Friday, June 15, 2012

Study finds new evidence supporting impact theory

An 18-member international team of researchers that includes Robert E. Hermes of Los Alamos National Laboratory has discovered melt-glass material in Pennsylvania, South Carolina, and Syria, and is the result of a cosmic body impacting Earth.

"The melt material also matches melt-glass produced by the Trinity nuclear airburst of 1945 in Socorro, New Mexico," he continued. "The extreme temperatures required are equal to those of an atomic bomb blast, high enough to make sand melt and boil." (full story)

Got mass? Princeton scientists observe electrons become both heavy and speedy

The Princeton-led team, which included scientists from Los Alamos National Laboratory (LANL) and the University of California-Irvine, used direct imaging of electron waves in acrystal.

The researchers did so not only to watch the electrons gain mass but also to show that the heavy electrons are actually composite objects made of two entangled forms of the electron (full story).

New tech at Y-12 could save millions of dollars

The process is called Nondestructive Laser Gas Sampling (NDLGS) and is capable of assessing the internal gas constituents of hazardous components in a nondestructive manner. NDLGS demonstrated first use on a W76 Retrofit Evaluation System Test unit on May 3.

The new system, which is deployed at NNSA’s Y-12 facility, was made possible through collaboration among scientists and engineers from Los Alamos National Laboratory, Y-12 and the Pantex Plant (full story).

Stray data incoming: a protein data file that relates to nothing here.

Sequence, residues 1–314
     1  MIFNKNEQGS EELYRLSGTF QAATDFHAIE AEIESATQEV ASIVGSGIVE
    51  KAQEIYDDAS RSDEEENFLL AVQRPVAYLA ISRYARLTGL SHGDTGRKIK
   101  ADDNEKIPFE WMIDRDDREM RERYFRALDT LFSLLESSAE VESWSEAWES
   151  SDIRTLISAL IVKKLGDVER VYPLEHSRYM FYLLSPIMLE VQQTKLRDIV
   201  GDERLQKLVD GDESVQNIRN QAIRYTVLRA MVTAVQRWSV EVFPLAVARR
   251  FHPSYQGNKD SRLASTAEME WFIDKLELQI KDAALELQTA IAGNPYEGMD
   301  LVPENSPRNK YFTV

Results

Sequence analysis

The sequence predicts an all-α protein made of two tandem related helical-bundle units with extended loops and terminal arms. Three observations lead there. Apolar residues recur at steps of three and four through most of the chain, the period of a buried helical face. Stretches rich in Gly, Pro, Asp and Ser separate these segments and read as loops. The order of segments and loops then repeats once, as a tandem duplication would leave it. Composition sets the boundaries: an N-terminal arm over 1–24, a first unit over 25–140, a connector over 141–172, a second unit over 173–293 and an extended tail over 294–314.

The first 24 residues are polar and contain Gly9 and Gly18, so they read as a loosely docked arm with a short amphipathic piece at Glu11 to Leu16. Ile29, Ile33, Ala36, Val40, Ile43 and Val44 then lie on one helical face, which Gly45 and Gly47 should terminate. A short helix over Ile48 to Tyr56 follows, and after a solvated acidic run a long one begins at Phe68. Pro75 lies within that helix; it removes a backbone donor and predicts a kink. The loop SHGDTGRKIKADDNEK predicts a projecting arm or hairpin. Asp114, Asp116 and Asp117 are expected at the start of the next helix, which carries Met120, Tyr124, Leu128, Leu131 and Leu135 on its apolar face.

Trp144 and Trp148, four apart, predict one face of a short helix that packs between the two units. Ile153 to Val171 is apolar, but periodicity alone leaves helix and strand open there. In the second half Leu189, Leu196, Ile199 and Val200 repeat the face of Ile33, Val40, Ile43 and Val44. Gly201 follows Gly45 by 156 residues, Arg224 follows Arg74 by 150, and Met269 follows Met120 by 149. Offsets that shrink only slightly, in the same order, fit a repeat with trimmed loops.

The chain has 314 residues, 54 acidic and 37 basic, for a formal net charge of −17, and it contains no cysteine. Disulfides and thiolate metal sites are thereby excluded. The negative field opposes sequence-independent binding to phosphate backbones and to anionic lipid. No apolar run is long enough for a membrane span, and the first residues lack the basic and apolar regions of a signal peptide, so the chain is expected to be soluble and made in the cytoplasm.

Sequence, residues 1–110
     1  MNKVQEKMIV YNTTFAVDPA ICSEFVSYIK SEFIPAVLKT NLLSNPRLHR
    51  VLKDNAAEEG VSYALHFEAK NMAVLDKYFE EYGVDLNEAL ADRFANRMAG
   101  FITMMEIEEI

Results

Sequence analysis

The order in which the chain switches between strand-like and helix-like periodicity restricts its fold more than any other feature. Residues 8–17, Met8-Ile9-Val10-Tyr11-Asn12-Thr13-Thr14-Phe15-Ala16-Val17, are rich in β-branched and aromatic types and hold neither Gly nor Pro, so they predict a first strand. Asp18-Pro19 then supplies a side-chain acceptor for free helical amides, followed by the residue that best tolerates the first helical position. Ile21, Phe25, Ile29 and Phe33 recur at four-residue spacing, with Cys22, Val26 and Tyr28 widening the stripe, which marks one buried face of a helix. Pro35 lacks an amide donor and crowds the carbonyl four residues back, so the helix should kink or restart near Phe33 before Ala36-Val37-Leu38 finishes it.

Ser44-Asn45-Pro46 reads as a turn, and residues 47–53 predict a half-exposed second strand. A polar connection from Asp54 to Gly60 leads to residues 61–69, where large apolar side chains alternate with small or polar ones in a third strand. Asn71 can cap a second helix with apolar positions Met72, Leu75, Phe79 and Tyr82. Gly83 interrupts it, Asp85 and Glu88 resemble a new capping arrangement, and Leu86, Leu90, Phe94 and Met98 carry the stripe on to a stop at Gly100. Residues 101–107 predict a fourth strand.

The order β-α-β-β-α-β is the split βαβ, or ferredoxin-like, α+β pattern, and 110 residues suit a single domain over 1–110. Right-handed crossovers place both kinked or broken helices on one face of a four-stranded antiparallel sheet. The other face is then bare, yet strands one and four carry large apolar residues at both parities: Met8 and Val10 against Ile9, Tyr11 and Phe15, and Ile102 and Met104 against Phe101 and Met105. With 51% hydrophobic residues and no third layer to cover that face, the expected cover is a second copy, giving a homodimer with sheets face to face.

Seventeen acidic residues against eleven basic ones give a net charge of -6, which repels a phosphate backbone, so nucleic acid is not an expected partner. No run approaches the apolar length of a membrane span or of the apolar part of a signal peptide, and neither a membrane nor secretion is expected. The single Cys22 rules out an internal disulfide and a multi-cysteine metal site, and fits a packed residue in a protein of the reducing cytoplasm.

LANS, LLC gives foundation $250K for scholarships

Los Alamos National Security, LLC through its employee gift-match program, has given $250,000 to the Los Alamos National Laboratory Foundation to award scholarships to help students in seven counties pursue a higher education (full story).

LANL building achieves LEED Gold certification

Los Alamos National Laboratory’s newest building, the Radiological Laboratory Utility Office Building, is its first to achieve both the Leadership in Energy and Environmental Design status and LEED Gold certification from the U.S. GreenBuilding Council.

The 200,000 square foot building contains laboratories for analytical chemistry of special nuclear material, along with offices, training and emergency operations (full story).

Los Alamos exhibit captures wildfire stories

The Bradbury Science Museum in Los Alamos will host an opening reception Wednesday for its new exhibit, Living With Wildfire: Share Your Stories.

The exhibit opens nearly a year after the Las Conchas Fire, which started June 26, 2011, and burned a large area of the Jemez Mountains (full story).

Energy agency builds its own social network

The Energy Department’s National Nuclear Security Administration is utilizing cloud-based social networking tools to allow the NNSA’s workforce to collaborate and work from any device, at any time.

Created at LANL, the cloud broker platform takes server automation to the next level by allowing researchers or scientists to log on and provision a virtual server in 30 minutes as opposed to 30 days, said LANL’s Anil Karmel (full story).

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